Feb 21, 2024

Mid-Stream Maneuvers: Why You Can’t Add a Crowdfunding Vehicle to Your Ongoing Reg. CF Offering

Financing By Patrick Costello
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Due to somewhat recent amendments to Regulation A and Regulation D and the creation of Regulation Crowdfunding, private companies can now raise tens of millions of dollars without conducting a traditional initial public offering. However, the de-restriction and opening of the private capital markets place increased importance on business planning around the registration requirement thresholds under Section 12(g) of the Securities Exchange Act of 1934.

This is especially true where certain exemptions from the Securities Act allow securities offerings to an unlimited number of retail investors. Fortunately, companies engaging in the private capital markets have access to several tools to reduce their likelihood of needing to register their securities under Section 12(g).

What Are Crowdfunding Vehicles?

Under Regulation Crowdfunding (“Reg. CF”), one such tool is a crowdfunding vehicle. Proper use of this tool, in accordance with Rule 3a-9 of the Investment Company Act of 1940 (“Rule 3a-9”), allows an issuer to aggregate Reg. CF investors into a single entity in a crowdfunding offering in which the crowdfunding vehicle and operating company file as co-issuers on Form C (a “Co-Issuer Offering”). This entity counts as one holder of record when calculating the number of holders of a company’s securities for Section 12(g) purposes. In relation to Rule 3a-9, I was recently asked to determine whether a crowdfunding issuer, after several closings, could amend their offering statement to include a crowdfunding vehicle for the purpose of delaying the application of Section 12(g).

Can You Amend the Offering Statement?

After researching the matter, I determined that Reg. CF and Rule 3a-9 do not permit such an action for the following reasons.

First, adding a crowdfunding vehicle via an amendment to an ongoing Reg. CF offering is not feasible while maintaining compliance with Rule 3a-9. This rule dictates that a crowdfunding vehicle can only issue its securities under Reg. CF in offerings where the crowdfunding vehicle and the issuer are co-issuers. Three major obstacles prevent compliance under these circumstances:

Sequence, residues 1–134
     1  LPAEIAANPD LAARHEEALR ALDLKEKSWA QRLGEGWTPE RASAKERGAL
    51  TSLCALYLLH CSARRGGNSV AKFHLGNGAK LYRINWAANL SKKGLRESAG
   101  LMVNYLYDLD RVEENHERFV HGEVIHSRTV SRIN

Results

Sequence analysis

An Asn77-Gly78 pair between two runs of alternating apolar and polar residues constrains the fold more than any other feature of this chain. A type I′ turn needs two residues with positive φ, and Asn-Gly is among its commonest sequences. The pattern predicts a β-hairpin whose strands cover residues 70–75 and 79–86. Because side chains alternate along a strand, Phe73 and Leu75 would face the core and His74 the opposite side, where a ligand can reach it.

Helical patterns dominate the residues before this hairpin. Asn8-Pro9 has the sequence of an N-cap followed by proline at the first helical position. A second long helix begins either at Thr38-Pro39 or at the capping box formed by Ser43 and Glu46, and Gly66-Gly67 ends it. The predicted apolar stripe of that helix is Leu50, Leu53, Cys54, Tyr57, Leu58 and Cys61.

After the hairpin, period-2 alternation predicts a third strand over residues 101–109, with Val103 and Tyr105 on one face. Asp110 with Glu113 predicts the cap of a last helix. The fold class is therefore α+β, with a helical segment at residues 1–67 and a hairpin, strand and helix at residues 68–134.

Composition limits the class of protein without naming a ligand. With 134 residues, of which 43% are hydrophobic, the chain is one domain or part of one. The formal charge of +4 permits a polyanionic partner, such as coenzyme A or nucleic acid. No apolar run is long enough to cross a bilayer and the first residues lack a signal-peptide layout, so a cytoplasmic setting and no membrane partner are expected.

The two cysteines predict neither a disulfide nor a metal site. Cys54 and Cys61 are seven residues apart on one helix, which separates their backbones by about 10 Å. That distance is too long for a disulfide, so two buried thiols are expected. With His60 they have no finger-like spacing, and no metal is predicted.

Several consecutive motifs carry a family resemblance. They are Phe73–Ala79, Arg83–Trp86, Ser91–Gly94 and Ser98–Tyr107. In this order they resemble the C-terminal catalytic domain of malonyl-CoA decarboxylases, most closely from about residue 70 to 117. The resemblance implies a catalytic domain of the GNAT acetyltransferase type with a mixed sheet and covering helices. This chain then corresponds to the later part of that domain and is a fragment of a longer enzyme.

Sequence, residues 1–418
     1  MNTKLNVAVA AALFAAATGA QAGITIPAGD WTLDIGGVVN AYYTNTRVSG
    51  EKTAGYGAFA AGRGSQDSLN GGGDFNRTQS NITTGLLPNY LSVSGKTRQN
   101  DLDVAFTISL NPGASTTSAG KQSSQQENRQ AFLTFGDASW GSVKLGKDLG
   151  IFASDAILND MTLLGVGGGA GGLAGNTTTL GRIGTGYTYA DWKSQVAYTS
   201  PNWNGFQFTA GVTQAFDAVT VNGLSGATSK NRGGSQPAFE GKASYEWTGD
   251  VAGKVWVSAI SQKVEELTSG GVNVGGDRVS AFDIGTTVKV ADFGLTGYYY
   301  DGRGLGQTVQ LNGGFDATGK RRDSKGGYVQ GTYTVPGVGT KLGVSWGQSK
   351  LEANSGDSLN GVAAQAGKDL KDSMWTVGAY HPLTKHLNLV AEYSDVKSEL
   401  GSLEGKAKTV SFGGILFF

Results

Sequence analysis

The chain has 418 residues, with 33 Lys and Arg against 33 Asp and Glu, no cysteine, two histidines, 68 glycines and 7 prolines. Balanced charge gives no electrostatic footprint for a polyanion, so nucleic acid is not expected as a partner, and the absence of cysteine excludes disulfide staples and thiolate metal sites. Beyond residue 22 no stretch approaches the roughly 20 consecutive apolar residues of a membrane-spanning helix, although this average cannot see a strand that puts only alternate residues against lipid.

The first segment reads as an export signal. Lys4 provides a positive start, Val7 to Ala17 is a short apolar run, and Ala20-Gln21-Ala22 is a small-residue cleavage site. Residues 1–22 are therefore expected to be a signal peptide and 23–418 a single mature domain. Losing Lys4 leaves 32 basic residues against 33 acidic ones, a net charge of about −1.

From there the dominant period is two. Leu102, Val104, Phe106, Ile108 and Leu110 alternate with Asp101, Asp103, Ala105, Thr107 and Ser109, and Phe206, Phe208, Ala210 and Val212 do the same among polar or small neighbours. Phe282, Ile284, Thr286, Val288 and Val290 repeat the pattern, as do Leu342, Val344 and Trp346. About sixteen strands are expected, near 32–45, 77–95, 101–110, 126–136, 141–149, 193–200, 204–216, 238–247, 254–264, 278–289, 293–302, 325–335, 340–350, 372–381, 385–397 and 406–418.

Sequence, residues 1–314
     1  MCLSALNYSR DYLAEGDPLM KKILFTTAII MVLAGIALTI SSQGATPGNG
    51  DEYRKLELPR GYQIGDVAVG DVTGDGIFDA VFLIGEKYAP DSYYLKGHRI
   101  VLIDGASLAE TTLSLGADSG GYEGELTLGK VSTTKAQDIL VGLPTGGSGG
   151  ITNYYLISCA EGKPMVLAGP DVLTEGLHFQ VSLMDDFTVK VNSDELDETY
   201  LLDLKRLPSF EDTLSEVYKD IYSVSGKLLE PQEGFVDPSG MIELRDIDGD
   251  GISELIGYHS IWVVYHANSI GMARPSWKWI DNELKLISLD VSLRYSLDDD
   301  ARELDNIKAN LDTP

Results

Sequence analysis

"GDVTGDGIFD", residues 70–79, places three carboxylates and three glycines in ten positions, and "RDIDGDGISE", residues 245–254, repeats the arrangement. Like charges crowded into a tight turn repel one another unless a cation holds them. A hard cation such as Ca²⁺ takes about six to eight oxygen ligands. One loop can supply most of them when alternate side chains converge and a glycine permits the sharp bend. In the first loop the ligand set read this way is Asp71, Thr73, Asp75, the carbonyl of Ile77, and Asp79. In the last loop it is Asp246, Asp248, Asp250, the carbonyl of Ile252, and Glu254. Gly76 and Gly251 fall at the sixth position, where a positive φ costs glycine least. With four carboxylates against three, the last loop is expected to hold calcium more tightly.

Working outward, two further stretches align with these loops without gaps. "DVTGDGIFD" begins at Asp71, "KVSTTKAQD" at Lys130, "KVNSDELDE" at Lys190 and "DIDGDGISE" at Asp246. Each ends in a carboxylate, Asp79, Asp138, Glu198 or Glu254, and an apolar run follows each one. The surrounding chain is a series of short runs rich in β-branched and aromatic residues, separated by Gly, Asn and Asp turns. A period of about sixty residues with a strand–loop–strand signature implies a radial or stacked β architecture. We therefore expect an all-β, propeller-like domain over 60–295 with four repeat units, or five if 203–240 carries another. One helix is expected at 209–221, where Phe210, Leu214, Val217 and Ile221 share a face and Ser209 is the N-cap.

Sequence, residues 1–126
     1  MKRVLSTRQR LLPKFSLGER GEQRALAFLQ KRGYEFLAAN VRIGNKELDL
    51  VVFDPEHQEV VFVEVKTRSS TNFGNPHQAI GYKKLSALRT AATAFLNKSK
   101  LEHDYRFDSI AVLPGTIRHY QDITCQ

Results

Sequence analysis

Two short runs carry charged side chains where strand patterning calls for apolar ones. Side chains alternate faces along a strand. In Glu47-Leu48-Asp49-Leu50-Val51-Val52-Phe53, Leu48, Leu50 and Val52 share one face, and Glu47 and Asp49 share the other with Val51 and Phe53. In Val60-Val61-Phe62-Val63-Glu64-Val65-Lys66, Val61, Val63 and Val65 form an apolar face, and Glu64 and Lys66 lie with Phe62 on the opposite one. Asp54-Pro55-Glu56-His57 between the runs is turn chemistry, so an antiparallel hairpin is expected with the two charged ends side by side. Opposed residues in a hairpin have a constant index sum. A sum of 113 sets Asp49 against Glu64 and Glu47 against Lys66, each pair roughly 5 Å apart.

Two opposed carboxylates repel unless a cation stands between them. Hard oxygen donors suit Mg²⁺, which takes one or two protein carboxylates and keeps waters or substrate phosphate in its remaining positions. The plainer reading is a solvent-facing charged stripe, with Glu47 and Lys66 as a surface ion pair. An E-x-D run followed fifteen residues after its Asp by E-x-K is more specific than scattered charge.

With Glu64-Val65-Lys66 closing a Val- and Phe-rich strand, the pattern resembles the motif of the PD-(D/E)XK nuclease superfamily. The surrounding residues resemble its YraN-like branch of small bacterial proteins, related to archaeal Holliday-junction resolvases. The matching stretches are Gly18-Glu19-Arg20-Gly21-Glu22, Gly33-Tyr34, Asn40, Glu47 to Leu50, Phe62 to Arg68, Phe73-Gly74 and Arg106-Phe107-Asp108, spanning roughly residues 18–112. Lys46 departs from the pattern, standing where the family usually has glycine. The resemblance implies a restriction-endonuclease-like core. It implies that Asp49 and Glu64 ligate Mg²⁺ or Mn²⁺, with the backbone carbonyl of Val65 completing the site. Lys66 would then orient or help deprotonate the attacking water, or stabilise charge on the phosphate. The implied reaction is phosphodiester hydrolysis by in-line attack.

1. A crowdfunding vehicle cannot be deemed a co-issuer of an ongoing Reg. CF offering that since such offering did not involve the sale of co-issuer securities from the very start thereof.
  2. Since the issuer has already closed on investor funds and issued securities, it would need to compel all those shareholders to exchange their shares for the securities of the crowdfunding issuer. In circumstances where the company can force investors to agree to such a transaction, it would involve issuing the crowdfunding vehicle securities in an offering and sale which is not governed by Reg. CF. As explained, this would violate Rule 3a-9 and be a prohibited action for a crowdfunding vehicle.

    Furthermore, given that there may be multiple investors in the Reg. CF offering, many of whom are not accredited investors, no exemption may be available for the exchange issuance resulting in the need to file a registration statement on Form S-4, which is timely and cost prohibitive.

  3. Crowdfunding vehicles are generally organized as LLCs, with operating agreements that explicitly recite the requirements of Rule 3a-9. As such, a violation of Rule 3a-9 under the prior circumstances would most likely be prohibited under the crowdfunding vehicles governing documents.

Second, in the situation prompting this question, the company was attempting to use this mid-offering amendment to utilize the exemption from Section 12(g) under Exchange Act Rule 12g5-1(a)(8), which states that securities held by a crowdfunding vehicle constitute one holder of record if they were purchased using funds obtained from natural persons.

Issuers that qualify for this exemption can obtain investments from an unlimited amount of natural persons and have them count as one holder of record for purposes of Section 12(g). However, issuers who have already closed on investor funds and issued securities in their Reg. CF Offering cannot qualify for this exemption regarding those securities.

This conclusion draws from the text of Rule 12g5-1(a)(8), which allows a crowdfunding vehicle and issuer to exclude securities issued by a crowdfunding vehicle in a Regulation Crowdfunding offering where the vehicle and the issuer are deemed co-issuers under the Securities Act. In this case, the securities that Reg. CF investors would receive in exchange for the crowdfunding issuer’s securities, a necessary transaction for a mid-offering amendment to add a crowdfunding vehicle, would not count as securities issued in a crowdfunding offering. Therefore, they would not qualify for the Rule 12g5-1(a)(8) exemption. To even get to this point in the analysis assumes that the SEC would not object to the mid-offering amendment to add a crowdfunding vehicle, which appears unlikely.

Get Answers to Avoid Anti-Fraud Provisions

Issuers should also understand that once Section 12(g)’s registration requirements apply, no options exist to extinguish them. Any attempt by an issuer to evade Section 12(g)’s registration requirements likely constitutes a deceptive scheme to avoid federal securities law requirements, potentially triggering a violation of the securities anti-fraud provisions. As such, it is important for issuers to engage in business planning with regard to Section 12(g) and Rule 3a-9 early on, especially if they intend to offer securities in the private capital markets.

If you are interested in learning more about business planning, regulation crowdfunding, or other methods of capital funding, please contact Patrick G. Costello at or (202) 869-0888 (ext. 130). You can also reach us at our general information email at